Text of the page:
Utilizing cutting-edge internet technology, the Montreal-based rock band, along with director Chris Milk and partners at Google, have created an interactive media experience.
Users type in their childhood address, and a custom-generated music video is created featuring images of their childhood home and neighborhood, pulled from Google Maps and Street View.
"You do get a little bit of the feeling of, 'Wow, I felt a little bit like I was there again,'" said Andy Berndt, vice president of Google's creative lab.
"The Wilderness Downtown" relies on HTML5 technology, a new web development standard that allows programmers to use web browsers in a whole new way. Windows pop open and closed in a choreographed fashion, and video, graphics, and text can be combined in real-time.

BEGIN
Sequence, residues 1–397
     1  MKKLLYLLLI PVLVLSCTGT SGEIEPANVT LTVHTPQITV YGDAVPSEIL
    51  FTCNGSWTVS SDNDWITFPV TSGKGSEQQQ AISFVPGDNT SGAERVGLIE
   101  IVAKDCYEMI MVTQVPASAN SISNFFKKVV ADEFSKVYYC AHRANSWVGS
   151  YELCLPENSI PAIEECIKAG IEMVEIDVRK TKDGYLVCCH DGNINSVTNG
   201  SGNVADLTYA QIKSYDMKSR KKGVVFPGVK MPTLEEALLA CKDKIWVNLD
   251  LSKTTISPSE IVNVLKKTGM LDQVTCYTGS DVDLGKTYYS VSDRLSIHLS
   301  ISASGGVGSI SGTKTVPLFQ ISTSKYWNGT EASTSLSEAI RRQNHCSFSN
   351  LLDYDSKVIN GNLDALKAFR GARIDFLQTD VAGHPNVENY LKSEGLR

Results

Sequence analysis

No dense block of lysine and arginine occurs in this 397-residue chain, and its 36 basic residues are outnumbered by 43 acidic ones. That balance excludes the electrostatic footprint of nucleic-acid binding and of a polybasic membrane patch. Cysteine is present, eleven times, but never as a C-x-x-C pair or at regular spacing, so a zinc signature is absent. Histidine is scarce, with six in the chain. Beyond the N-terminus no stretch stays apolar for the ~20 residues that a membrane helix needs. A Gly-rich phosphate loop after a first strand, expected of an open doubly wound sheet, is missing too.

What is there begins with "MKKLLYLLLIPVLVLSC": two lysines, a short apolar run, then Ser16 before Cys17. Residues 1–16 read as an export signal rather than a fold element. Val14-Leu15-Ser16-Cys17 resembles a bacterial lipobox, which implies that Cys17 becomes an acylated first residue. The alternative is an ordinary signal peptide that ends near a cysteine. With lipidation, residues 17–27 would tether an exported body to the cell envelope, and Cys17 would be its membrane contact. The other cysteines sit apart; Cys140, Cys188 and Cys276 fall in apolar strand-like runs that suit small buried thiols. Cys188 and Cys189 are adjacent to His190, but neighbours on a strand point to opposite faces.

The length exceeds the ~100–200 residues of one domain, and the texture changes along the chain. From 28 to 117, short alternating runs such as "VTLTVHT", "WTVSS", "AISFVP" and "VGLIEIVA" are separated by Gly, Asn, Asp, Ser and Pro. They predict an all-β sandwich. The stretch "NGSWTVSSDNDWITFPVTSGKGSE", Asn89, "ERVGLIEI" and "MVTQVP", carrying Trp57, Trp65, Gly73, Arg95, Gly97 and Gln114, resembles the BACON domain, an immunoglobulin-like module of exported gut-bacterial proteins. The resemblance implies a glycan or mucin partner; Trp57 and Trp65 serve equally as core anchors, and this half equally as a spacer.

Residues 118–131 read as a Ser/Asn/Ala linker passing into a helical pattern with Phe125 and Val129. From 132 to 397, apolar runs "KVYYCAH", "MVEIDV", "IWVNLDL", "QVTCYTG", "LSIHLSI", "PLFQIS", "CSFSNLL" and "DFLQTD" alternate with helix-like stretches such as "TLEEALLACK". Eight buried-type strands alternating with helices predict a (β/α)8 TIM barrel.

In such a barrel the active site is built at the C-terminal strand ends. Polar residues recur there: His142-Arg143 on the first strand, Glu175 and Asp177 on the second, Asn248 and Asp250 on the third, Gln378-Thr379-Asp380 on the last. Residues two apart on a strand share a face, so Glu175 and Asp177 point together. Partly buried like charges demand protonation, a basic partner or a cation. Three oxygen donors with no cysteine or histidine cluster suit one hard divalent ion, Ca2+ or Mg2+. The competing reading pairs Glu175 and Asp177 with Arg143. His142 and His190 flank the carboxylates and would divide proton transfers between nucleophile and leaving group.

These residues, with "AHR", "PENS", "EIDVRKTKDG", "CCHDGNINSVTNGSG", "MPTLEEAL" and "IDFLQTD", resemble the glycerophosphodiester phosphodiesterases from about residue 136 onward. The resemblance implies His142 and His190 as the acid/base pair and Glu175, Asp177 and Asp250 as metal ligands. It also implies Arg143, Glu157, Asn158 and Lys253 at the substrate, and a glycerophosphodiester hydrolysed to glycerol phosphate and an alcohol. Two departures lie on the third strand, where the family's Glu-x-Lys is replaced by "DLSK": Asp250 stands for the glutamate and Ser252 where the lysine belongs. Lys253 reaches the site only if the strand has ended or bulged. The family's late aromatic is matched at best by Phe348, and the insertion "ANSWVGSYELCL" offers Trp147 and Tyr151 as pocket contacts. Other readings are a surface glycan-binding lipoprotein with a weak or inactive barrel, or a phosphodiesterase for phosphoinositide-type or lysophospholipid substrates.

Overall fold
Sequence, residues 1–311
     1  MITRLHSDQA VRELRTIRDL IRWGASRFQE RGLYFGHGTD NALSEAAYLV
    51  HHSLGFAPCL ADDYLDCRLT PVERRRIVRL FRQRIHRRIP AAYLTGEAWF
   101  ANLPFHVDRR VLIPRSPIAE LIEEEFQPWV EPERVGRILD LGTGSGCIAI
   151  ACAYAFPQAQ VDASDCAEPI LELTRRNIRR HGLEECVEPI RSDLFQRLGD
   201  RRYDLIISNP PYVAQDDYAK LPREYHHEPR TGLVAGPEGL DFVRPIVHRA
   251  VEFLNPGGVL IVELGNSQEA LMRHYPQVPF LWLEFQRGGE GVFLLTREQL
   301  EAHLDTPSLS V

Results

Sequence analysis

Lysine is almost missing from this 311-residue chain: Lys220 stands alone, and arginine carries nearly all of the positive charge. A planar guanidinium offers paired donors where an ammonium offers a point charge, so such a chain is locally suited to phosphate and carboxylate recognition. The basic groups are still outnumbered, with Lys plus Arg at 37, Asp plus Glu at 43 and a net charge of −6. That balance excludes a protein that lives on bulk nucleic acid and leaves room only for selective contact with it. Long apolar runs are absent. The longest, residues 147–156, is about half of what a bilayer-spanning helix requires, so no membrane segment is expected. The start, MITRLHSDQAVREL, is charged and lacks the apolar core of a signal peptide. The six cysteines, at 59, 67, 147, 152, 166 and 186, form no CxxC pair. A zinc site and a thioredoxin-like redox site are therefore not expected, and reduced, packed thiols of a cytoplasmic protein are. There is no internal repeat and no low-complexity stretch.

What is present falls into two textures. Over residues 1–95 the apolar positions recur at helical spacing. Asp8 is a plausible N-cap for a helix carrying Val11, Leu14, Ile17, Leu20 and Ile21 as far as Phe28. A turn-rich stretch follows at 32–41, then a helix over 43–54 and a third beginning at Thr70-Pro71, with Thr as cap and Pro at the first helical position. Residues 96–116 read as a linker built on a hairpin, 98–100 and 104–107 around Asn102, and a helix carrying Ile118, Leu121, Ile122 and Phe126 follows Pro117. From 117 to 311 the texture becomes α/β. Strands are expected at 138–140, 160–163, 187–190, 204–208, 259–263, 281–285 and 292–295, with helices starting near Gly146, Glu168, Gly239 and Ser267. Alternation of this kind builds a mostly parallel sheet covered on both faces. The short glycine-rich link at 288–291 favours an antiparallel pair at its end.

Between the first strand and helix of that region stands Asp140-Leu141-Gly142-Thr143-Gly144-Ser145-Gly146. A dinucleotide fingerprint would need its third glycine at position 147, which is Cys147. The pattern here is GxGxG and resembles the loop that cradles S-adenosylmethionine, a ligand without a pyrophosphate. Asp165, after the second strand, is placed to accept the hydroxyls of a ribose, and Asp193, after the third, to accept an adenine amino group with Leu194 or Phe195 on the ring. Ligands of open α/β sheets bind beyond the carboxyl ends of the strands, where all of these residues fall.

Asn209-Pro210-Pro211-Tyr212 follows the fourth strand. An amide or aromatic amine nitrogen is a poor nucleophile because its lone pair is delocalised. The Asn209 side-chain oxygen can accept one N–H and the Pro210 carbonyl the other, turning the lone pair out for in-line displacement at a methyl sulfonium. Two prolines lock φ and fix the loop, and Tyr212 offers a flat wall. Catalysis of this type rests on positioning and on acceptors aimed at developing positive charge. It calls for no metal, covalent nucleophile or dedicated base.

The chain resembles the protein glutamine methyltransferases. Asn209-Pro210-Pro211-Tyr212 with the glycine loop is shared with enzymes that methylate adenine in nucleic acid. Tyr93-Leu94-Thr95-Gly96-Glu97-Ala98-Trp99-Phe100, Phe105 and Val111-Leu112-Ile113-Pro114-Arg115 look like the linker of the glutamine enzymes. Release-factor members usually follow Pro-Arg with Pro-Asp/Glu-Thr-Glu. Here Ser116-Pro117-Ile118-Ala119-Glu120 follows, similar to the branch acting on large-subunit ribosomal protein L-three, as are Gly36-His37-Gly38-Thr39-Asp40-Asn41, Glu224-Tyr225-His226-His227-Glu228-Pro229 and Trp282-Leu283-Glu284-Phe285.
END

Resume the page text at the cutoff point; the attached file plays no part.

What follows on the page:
"When you're writing programs, you can become kind of jaded just looking at a text editor," said George Michael Brower, a Google designer and technologist who worked on the project. "But when you press run, you see that in your web browser, and it's pulling in information that just has so much emotional value to it."
Today on the Conversation, ABC's Jeremy Hubbard spoke to both Berndt and Brower about the groundbreaking project and what it means for the future of the internet and entertainment.
"When you put coders together with directors and a musician, they all begin to say, 'Well, this can do this, and this can do this,'" said Berndt. "Hopefully there'll be more."
We hope you'll watch.